In the current study, compared with stranger dyads, talking time was significantly increased in familiar dyads, both lean and overweight subjects. However, only in overweight population, not in lean population, differences in meal duration and chewing frequency between familiar and unfamiliar individuals and longer meal duration and lower chewing activity among familiar than unfamiliar individuals were observed. Above all, the present results suggested that familiarity increased talking time in LF and OF co-eaters, but increased eating time and decreased chewing activity only in OF dyads, which were crucial factors for the difference in energy intake of overweight friends and strangers.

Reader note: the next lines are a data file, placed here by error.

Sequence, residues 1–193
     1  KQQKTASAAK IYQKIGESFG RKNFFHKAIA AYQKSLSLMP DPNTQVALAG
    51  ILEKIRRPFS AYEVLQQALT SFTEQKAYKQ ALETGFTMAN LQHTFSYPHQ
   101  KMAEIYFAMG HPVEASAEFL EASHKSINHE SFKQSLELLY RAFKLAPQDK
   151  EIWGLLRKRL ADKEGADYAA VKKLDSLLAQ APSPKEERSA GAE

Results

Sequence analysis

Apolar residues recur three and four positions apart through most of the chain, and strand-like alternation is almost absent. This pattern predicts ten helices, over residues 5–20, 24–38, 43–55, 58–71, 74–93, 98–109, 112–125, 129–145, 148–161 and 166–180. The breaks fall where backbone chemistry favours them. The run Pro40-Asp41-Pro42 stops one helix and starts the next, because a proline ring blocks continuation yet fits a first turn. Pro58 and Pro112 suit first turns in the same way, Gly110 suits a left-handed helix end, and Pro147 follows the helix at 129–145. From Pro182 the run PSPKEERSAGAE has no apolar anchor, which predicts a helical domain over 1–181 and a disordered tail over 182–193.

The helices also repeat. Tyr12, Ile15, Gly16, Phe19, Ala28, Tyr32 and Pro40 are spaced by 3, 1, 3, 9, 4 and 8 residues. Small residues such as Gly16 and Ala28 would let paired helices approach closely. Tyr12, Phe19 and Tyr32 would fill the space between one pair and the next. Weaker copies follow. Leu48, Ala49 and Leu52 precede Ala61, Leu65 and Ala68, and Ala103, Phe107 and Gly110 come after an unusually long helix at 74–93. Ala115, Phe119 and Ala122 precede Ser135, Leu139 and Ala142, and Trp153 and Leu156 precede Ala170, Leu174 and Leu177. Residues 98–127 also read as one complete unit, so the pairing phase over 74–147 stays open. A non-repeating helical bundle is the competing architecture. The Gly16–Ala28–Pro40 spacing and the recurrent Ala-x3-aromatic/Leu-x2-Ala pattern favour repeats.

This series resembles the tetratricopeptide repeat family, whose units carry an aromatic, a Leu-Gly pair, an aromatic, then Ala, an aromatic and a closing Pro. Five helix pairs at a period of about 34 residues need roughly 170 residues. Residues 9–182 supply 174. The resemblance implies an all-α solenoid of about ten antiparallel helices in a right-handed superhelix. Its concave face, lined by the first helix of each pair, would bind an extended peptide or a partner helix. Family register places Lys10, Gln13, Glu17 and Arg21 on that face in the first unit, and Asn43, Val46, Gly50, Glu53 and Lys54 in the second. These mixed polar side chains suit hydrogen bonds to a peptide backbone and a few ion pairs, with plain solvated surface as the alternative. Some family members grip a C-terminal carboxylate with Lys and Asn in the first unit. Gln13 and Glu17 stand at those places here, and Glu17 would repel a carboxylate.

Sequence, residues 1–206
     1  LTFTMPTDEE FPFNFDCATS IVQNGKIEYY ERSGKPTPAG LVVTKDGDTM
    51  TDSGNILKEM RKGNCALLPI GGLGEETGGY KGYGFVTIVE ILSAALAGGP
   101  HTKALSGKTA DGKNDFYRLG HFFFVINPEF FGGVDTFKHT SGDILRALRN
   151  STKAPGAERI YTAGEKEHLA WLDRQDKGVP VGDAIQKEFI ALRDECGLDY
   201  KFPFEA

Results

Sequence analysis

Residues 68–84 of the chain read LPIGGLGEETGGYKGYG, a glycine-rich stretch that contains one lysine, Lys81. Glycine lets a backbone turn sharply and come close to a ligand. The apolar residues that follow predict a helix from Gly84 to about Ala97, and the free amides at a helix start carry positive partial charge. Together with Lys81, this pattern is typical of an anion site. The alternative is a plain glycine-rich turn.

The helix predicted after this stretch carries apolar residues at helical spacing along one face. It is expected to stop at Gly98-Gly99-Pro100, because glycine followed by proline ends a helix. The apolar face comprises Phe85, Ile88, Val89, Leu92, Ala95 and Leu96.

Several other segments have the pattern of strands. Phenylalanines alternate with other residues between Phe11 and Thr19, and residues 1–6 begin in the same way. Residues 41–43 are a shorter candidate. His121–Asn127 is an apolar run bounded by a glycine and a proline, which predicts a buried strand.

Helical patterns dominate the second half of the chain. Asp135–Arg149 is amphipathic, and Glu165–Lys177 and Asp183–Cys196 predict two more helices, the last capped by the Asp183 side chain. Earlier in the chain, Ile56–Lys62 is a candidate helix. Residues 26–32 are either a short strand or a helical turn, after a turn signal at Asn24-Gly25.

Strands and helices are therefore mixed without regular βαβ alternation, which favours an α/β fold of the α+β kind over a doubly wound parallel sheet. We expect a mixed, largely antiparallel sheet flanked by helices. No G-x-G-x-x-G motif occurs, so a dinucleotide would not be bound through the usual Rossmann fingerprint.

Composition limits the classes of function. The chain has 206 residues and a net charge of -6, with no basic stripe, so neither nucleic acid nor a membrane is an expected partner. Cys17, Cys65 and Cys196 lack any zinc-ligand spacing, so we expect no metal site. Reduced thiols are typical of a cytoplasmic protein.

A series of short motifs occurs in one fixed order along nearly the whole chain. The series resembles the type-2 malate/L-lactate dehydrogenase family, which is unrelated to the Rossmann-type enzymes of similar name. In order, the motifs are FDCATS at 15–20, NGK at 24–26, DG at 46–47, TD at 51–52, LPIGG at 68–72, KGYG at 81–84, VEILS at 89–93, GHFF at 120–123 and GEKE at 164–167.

A majority of studies reported that peripheral appetite hormones played major roles in appetite regulation and eating behavior[12, 42-44]. The complex and highly coordinated system of peripheral appetite hormones has been widely studied in different weight statures, and anorexigenic (CCK-8 and GLP-1) and orexigenic (ghrelin) hormones from the gastrointestinal tract are the most important gut hormones involved in regulating appetite[45]. CCK-8 is secreted in response to luminal nutrient intake, which produces satiation[17, 46], and its effect on satiation is enhanced by orosensory stimulation[47]. Compared with normal weight subjects, postprandial GLP-1 concentration response to test meals was significantly reduced in overweight subjects[48]. By contrast, ghrelin is a fundamental orexigen gut hormone and affects eating behavior[20-21]. In the current study, the relationship between familiarity and gut hormone concentration in different weight stature dyads was investigated. The results showed that, compared with that in the OS group, the concentration of CCK-8 was significantly lower at 30, 60, and 90 min in the OF group, but no significant difference was found at all time points between LF and LS groups. Correspondingly, the concentration of GLP-1 was significantly lower at 60 and 90 min in the OF group than in the OS group, but no significant difference was found at all time points between LF and LS groups. Moreover, plasma ghrelin concentration was significantly higher in the OF group than in the OS group at 90 and 120 min, and no significant difference was observed in the LF and LS groups. According to the above results, facilitative effect of familiarity may be involved in changing of postprandial gut hormone concentration in overweight individuals.